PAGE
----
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dc.contributor.authorMills, Edward J.
dc.contributor.authorBeyrer, Chris
dc.contributor.authorBirungi, Josephine
dc.contributor.authorDybul, Mark R.
dc.date.accessioned2018-08-06T09:36:16Z
dc.date.available2018-08-06T09:36:16Z
dc.date.issued2012-02-07
dc.identifier.citationMills et al. Engaging Men in Prevention and Care for HIV/AIDS in Africa. PLOS Medicine Vol. 9 No. 2 (2012) DOI:10.1371/journal.pmed.1001167en_US
dc.identifier.urihttp://ucudir.ucu.ac.ug/xmlui/handle/20.500.11951/331
dc.descriptionThis study examined the HIV/AIDS response in Africa has always had a gender focus; targeted efforts have reduced the impact of the epidemic on women and childrenen_US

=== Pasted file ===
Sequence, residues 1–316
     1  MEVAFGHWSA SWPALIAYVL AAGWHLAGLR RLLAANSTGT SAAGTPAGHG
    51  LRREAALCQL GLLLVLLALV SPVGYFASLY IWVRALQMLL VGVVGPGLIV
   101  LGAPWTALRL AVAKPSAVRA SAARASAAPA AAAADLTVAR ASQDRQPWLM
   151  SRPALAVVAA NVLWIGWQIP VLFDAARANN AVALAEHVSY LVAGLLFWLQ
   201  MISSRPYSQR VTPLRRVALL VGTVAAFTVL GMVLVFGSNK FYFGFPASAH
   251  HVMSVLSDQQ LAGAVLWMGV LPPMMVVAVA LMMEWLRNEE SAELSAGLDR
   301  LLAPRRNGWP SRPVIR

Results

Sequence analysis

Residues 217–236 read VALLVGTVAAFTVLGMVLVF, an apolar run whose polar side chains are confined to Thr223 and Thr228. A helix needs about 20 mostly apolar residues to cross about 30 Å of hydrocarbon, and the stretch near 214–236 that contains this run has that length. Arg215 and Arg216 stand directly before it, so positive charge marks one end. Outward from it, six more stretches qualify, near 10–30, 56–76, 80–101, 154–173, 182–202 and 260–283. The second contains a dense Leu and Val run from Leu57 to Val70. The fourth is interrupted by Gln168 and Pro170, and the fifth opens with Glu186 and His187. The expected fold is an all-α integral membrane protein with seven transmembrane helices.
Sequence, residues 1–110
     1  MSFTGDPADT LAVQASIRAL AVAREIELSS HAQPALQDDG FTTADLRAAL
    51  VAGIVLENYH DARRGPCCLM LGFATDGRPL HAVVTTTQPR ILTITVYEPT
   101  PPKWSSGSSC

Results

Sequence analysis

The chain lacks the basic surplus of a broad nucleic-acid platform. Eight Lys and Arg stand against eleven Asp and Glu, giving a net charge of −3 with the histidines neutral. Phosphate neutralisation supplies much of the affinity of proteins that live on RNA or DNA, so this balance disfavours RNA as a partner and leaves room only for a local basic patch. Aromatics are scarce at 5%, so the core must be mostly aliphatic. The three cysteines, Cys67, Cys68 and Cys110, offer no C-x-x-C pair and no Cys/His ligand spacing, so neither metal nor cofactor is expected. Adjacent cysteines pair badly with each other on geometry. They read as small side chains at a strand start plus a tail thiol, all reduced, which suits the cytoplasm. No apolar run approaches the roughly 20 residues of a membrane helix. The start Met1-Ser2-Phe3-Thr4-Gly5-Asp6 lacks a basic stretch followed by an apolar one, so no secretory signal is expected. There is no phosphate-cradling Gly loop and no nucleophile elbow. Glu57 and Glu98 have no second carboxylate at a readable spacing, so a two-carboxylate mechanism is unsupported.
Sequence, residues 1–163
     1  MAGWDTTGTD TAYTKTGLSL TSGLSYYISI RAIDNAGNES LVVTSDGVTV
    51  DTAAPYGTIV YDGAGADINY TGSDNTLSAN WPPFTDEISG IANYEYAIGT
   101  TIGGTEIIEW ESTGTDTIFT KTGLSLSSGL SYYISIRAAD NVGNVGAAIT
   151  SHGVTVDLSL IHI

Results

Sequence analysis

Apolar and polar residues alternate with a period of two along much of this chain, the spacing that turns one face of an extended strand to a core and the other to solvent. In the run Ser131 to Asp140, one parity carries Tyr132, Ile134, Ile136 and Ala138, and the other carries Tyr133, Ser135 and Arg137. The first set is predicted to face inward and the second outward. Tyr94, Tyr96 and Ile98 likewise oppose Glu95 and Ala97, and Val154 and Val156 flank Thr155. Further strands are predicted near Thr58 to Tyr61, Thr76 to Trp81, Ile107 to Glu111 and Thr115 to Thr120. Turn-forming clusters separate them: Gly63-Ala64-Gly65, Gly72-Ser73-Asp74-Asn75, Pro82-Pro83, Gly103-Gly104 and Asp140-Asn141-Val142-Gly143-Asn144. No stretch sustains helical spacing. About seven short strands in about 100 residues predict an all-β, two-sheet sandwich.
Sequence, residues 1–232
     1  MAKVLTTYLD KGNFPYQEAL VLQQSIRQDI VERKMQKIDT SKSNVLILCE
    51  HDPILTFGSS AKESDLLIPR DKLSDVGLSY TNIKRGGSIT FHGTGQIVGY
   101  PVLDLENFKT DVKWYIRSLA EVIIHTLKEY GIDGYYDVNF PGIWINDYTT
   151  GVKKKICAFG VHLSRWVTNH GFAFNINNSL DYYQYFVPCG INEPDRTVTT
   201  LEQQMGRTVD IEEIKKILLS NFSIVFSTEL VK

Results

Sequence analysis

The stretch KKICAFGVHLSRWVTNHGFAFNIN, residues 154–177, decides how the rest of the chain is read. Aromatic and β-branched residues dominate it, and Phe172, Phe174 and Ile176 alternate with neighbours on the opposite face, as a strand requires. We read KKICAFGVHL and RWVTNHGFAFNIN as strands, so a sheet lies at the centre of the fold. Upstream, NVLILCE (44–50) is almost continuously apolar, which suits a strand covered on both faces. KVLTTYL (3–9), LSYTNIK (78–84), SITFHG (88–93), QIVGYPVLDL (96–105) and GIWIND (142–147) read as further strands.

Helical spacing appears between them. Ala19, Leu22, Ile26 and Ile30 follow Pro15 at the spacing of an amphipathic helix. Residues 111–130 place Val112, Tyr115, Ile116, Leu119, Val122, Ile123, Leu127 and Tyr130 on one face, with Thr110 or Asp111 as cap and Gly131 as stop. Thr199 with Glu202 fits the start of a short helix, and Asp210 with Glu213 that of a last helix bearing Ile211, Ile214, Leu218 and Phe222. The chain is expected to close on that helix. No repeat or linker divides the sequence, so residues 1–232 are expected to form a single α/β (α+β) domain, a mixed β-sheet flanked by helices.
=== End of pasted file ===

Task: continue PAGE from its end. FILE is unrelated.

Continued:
dc.description.abstractThe HIV/AIDS response in Africa has always had a gender focus; targeted efforts have reduced the impact of the epidemic on women and children. The response has been far less successful for the treatment of men: there is less ART coverage of men than women in Africa, and men typically have higher mortality. Men also tend to present at clinic with advanced disease and are more likely to be lost to follow-up. Yet, efforts to understand men’s health seeking behaviour are poorly understood in the AIDS epidemic, and encouraging men to get tested and treated is a major challenge, but one that is poorly recognized. We review the emerging evidence and we call for a balanced approach to gender programming in an effort to involve both men and women in treatment and prevention.en_US
dc.language.isoenen_US
dc.publisherPLOS Medicineen_US
dc.subjectMen – HIVen_US
dc.subjectHIV/AIDS careen_US
dc.subjectHIV/AIDS – Africaen_US
dc.titleEngaging Men in Prevention and Care for HIV/AIDS in Africaen_US
dc.typeArticleen_US


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